Two years later in 1974, the Dara Pandole-trained Asopo gelding Forward Thrust was the favourite to win the Leger. By rights, it should have been Topmost. Mr. D.K. Das's colt, trained by Byramji, had won the Indian Derby as well as the Invitation Cup earlier that year. Topmost had colic in the week preceding the big race and was scratched. Richelieu, owned by the Goculdases, had a mild attack colic on the eve of race but with Topmost absent, the cherry-and-black stable decided to take a chance. It was a brave decision and as so often happens, fortune smiled on the plucky Richelieu who was piloted by Ernie Alford. Ernie Alford had a long and successful association with Bal Lagad's stable but Richelieu is the only Classic winner he rode in his entire career. 

"Rank Outsider In a Field of Three" maxim came to the fore in 1978 when the Indian Derby-Invitation Cup winner Manitou was a twenty-paisa favourite with the Indian 2000 Guineas winner Ipi Tombi at 2/1 and Linden Flora available in double figures. Linden Flora (Linden Tree - Gambia), who had started his racing as Ayappa Saranam, won to give the Poonawallas their first Indian Classic victory in their own colours. It was also the first Indian Classic win for the jockey Robin Corner. Manitou never ran again while Linden Flora never won again.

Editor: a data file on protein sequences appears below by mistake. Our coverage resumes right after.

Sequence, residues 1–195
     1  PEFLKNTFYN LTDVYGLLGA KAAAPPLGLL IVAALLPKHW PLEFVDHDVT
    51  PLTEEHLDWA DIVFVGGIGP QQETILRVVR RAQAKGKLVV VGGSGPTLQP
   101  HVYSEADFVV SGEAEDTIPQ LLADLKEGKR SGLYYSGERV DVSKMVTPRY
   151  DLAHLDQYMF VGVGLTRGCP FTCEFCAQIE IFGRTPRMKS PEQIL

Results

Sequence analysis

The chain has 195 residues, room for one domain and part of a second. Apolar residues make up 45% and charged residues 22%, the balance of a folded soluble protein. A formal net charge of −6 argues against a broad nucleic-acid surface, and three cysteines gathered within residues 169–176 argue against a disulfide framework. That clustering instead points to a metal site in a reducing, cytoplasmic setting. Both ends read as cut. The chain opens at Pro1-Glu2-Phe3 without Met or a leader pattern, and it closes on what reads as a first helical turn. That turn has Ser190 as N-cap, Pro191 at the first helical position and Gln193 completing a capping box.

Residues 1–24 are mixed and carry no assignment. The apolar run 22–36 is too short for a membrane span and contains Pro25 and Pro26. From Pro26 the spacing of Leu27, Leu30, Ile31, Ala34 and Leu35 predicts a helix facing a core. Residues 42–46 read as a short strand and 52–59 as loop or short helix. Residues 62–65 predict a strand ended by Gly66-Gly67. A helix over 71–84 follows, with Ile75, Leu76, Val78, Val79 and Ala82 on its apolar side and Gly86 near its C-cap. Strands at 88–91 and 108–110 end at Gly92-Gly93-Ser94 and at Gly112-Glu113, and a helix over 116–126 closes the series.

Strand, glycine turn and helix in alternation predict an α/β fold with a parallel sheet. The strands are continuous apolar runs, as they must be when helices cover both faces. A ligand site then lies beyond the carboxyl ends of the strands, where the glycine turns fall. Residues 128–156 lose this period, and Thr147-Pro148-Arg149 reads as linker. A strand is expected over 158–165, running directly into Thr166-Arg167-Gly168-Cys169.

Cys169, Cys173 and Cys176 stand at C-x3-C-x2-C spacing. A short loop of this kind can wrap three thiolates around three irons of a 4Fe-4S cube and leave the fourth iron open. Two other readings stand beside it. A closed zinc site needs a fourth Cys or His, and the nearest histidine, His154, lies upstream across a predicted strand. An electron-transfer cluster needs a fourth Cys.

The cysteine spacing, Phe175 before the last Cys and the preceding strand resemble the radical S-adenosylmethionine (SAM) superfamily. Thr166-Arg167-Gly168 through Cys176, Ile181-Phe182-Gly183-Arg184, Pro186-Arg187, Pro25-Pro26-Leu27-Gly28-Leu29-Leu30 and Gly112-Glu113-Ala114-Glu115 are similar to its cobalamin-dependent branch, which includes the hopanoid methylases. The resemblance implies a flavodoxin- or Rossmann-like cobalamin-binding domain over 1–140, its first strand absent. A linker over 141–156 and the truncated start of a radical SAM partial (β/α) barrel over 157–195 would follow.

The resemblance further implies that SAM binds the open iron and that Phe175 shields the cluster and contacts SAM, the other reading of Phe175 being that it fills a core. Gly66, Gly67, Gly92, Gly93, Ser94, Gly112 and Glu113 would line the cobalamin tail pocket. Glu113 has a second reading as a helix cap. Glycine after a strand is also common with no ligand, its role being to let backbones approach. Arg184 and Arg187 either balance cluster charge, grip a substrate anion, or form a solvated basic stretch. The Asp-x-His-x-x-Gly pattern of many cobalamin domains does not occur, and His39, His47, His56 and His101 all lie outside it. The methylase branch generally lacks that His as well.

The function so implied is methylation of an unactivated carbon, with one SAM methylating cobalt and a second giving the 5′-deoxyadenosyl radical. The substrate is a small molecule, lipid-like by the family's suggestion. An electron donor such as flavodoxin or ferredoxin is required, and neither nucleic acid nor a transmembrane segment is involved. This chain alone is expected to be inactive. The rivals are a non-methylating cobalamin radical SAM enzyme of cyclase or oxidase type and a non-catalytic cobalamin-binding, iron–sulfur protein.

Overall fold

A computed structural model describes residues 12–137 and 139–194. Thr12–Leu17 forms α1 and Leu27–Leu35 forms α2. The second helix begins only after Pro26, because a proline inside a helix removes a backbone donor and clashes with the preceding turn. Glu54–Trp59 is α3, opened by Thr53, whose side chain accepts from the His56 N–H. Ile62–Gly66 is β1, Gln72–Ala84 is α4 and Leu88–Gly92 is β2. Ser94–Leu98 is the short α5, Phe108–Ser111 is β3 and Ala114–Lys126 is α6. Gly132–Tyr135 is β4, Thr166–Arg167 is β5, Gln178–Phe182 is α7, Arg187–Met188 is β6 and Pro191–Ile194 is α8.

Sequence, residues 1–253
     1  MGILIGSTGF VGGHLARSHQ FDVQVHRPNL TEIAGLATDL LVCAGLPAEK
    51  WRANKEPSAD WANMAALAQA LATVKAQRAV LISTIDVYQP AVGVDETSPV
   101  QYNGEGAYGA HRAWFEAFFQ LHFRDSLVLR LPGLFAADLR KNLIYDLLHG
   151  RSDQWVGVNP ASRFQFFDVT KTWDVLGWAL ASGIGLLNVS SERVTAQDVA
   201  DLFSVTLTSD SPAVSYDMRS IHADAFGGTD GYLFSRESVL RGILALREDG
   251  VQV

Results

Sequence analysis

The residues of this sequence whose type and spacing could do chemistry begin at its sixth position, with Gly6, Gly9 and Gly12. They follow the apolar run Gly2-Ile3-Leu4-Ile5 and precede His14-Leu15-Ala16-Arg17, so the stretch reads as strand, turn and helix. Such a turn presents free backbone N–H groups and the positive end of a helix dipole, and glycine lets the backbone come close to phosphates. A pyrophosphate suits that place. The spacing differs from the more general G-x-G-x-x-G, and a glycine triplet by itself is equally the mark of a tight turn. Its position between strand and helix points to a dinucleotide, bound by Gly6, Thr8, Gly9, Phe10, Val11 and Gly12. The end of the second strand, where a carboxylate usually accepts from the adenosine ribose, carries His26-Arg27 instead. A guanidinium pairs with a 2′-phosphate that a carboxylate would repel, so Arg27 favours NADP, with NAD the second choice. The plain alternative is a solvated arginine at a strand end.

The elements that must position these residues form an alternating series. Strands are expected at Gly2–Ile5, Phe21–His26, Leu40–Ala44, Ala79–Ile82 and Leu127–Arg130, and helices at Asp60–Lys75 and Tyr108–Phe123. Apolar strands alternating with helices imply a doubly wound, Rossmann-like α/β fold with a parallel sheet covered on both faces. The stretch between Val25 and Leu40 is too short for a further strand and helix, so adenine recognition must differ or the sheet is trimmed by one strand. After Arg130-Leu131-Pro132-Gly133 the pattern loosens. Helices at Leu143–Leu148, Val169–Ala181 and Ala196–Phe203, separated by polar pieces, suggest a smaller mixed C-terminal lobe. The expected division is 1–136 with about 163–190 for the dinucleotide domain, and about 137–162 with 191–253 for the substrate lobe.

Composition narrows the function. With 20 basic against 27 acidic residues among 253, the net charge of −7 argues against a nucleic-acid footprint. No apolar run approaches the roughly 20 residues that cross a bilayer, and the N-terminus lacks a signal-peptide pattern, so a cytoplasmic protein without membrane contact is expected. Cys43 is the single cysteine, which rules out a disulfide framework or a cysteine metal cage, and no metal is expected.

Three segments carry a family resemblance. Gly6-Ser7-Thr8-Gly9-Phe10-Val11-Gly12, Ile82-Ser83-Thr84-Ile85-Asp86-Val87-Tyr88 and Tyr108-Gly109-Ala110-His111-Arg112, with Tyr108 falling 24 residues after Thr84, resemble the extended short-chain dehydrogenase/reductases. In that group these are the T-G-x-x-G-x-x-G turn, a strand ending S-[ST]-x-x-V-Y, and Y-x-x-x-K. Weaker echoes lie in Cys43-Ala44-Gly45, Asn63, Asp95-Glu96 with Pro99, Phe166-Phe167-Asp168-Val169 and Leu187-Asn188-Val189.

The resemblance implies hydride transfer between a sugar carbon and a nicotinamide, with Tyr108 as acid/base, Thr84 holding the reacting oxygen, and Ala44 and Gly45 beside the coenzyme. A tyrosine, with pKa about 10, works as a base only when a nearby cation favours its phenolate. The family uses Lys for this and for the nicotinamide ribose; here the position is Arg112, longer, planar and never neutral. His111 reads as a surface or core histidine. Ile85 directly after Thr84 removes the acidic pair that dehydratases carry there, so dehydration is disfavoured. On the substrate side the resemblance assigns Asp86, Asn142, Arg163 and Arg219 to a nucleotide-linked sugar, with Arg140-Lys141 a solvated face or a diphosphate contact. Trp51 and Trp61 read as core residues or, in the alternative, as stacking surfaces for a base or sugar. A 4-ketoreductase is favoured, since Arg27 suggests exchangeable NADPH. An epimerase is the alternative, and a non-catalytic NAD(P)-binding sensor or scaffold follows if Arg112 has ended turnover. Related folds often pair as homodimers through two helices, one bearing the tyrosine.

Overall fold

Own Opinion (Simead - Purita) had demonstrated in the Invitation Cup where a posse of pacemakers had hassled Royal Tern,that he was a better stayer than the Goculdas horse. Despite that, the local sentiment meant that Royal Tern went out as a half-money favourite in the 1979 Indian St. Leger. This time, Own Opinion had only Red Chieftan to cut the wind but the son of Red Indian did his job so well that Jagdish easily got the measure of the favourite who could finish only third. Both Own Opinion, who gave Dr. M.A.M. Ramaswamy his first Indian Classic in his colours, and Royal Tern raced with distinction for the next couple of years.